Interestingly, there is a Pennsylvania link as there was a Dr. Van Dyke’s Tonic and Purifying Bitters being advertised in Philadelphia in 1870. See ad below. Notice the doctor is called “Dr. Van Kyke” in the ad! That’s pretty funny. Is this the predecesor or inspiration? I bet it is! The “Dr. Van Dyke’s Tonic and Purifying Bitters” is the same copy on a label of a later St. Louis variant. See V 8 L above. Dr. James M. Van Dyke was a physician listed in Philadelphia city directories from 1871 to 1878. His earliest appearance is 1861 in the directory.

Dr. Van Dyke’s Tonic and Purifying Bitters advertisement – The Evening Telegraph (Philadelphia), Wednesday, July 13, 1870

As an aside, the running headless man makes me think of a Sarracena Life Bitters and a Triskelion (pictured below). We’ve got the head here. We’re just missing the torso and arms!

Here are some other bottle examples and advertising from our Dr. Van Dyke’s Bitters from St. Louis. Most examples display the running, headless man. The small, low res example below has contents. I believe it was auctioned by Glass Works Auctions at some point in the past.

The earliest Van Dyke’s Holland Bitters record I can find in Saint Louis is from a previous post I did called Cincinnati Bitters Spotting – A cross reference of directories. Here you will find a refertence to a Holland Bitters, Henry VanDyke, 1858.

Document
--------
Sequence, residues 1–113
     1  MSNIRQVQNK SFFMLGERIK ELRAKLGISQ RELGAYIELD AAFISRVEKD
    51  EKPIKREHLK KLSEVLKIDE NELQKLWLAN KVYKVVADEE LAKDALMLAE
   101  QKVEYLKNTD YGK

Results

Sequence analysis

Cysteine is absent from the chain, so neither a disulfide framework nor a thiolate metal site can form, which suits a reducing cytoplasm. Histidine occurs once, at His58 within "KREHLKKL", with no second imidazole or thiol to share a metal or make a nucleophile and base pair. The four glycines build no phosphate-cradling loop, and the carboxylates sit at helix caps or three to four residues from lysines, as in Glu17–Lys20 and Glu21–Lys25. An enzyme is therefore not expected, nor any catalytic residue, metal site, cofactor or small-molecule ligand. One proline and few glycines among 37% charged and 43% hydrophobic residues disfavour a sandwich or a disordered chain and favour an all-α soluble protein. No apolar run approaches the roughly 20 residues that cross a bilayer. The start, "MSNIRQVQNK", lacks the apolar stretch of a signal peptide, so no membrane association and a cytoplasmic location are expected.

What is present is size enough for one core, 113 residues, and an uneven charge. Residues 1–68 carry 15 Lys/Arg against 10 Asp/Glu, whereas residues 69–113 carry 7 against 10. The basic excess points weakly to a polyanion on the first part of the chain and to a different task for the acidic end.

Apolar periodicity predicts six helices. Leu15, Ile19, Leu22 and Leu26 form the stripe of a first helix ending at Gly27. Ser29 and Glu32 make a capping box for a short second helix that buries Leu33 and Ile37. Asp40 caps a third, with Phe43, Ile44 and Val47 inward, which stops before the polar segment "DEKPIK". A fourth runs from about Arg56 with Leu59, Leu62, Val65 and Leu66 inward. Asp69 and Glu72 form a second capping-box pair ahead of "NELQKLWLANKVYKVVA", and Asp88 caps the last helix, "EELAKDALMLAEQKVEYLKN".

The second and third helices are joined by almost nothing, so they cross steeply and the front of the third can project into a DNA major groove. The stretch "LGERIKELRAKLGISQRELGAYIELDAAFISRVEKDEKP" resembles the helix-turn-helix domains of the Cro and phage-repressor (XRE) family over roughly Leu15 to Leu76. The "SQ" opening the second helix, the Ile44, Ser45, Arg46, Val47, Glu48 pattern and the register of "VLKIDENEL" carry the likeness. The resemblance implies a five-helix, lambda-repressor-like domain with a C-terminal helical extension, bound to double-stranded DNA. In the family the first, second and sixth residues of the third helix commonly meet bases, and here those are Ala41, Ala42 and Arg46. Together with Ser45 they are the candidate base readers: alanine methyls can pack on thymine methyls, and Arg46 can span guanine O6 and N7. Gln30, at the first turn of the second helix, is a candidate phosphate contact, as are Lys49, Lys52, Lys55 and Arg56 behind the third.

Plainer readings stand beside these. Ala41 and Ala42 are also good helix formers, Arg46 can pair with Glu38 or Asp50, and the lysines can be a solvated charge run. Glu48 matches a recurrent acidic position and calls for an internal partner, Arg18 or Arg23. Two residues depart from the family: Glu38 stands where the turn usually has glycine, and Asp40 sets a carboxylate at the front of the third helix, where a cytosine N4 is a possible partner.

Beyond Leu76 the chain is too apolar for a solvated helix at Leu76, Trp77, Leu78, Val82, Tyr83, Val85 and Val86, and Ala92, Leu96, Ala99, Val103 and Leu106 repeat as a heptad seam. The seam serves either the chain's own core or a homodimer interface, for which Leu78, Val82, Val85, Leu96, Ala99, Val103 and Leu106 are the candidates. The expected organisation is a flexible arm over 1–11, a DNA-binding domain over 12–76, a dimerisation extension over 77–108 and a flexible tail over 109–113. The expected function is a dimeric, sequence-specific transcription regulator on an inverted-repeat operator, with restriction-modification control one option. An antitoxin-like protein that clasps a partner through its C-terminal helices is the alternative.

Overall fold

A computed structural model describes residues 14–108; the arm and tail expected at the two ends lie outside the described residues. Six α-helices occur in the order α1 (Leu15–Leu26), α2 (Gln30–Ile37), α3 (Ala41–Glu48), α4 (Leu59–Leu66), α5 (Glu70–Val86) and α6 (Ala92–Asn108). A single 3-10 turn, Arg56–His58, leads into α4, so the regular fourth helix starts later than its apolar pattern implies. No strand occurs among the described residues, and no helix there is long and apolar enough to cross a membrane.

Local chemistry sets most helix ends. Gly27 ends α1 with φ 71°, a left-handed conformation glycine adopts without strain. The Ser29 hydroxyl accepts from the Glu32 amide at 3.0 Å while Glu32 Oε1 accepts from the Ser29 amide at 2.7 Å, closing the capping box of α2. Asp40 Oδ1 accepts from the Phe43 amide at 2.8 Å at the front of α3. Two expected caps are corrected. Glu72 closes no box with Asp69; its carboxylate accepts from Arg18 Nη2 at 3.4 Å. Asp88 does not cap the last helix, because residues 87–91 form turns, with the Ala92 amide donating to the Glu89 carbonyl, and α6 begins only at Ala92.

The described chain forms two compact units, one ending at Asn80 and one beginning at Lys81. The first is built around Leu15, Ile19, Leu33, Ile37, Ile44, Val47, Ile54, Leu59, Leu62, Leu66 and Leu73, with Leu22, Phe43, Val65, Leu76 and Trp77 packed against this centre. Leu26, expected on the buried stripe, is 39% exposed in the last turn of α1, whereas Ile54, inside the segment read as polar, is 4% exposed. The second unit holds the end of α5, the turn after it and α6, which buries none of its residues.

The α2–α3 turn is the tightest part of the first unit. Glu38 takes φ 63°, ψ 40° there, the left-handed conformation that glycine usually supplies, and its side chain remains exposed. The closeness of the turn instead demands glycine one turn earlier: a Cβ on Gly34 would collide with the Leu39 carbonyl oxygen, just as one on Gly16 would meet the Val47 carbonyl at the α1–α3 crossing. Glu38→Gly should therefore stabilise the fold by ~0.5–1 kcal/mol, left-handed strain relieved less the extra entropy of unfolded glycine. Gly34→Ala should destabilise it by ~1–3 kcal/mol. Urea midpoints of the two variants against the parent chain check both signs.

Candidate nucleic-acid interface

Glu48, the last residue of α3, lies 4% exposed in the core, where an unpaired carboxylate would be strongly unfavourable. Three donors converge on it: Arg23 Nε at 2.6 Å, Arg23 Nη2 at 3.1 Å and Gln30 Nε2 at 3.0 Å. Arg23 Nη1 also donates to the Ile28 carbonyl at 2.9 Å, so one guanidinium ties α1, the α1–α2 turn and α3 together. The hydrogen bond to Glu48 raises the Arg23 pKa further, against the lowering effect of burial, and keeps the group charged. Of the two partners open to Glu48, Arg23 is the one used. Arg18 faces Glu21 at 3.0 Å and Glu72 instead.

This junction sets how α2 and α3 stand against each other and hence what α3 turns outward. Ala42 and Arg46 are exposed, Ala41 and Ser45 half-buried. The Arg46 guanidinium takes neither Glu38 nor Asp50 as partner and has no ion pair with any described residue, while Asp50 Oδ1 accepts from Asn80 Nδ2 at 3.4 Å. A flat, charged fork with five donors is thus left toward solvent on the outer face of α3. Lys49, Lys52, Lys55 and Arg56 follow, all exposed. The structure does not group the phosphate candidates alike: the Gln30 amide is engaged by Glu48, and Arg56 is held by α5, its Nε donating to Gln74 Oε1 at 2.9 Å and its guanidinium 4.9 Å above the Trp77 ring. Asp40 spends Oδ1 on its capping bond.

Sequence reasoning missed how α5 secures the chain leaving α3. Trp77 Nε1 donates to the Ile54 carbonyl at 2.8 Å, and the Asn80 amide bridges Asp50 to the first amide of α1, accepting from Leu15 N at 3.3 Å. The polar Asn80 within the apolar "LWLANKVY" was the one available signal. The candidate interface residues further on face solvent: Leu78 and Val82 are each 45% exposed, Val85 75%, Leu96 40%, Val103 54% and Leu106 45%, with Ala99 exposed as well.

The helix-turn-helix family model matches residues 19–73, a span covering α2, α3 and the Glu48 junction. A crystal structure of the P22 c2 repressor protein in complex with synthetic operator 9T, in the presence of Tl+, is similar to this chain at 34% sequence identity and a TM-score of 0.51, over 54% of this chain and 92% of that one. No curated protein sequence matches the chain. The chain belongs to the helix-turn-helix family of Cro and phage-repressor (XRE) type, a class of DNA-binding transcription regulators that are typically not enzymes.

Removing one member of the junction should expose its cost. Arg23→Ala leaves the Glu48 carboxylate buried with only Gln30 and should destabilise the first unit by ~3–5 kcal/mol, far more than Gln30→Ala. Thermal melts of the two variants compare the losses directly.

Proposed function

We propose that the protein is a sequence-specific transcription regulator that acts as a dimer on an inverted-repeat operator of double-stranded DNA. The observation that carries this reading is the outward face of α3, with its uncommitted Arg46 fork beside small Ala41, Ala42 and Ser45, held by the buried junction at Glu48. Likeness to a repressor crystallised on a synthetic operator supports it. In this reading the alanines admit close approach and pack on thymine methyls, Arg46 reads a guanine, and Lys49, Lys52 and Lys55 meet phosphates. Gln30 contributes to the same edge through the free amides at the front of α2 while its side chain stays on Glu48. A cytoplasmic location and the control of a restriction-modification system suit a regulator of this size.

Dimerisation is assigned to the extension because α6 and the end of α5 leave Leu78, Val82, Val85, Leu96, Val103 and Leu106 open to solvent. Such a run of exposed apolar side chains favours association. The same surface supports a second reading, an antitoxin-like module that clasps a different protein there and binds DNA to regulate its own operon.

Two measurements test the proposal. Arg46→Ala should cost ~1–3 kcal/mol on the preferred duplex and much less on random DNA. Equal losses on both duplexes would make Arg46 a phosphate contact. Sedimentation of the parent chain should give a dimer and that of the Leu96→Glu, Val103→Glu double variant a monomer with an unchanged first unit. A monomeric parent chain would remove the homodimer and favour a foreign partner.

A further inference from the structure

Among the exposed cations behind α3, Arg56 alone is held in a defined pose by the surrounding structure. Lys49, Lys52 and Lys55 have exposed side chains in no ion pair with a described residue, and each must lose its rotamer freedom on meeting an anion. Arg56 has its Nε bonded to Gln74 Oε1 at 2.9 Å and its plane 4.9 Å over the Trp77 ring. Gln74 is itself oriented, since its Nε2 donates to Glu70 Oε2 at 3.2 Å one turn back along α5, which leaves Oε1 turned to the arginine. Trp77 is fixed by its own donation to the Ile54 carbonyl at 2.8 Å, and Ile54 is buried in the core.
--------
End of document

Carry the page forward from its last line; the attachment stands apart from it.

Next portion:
Pictured above on the left is an Internal Revenue 2 ½ cent tax stamp issued for the Van Dyke Bitters Co., St Louis in 1898 along with a 1 cent Internal Revenue stamp sur-printed with “V.D.B.” for Van Dyke Bitters.

In the 1860 United States Federal Census, Henry VanDyke was listed as an agent. He was 36 years old and from Holland. He was born in 1824. His wife was named Jane and was from Prussia. A child was listed as Sophia. They lived in Ward 10, St Louis (Independent City), Missouri. Stamp images courtesy of Bottle Pickers. Was VanDyke really a doctor? Probably not. Just a hunch. I suspect he was related to Dr. James M. Van Dyke from Philadelphia. James was the inventor and proprietor. Henry was his agent for distribution. Maybe brothers?